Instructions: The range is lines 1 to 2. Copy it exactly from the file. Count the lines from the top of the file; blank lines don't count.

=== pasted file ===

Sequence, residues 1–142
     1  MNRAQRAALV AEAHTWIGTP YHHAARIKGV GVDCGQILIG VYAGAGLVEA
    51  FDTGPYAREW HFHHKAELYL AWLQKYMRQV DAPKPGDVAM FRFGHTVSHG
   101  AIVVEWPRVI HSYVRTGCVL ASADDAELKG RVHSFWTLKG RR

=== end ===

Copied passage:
Sequence, residues 1–142
     1  MNRAQRAALV AEAHTWIGTP YHHAARIKGV GVDCGQILIG VYAGAGLVEA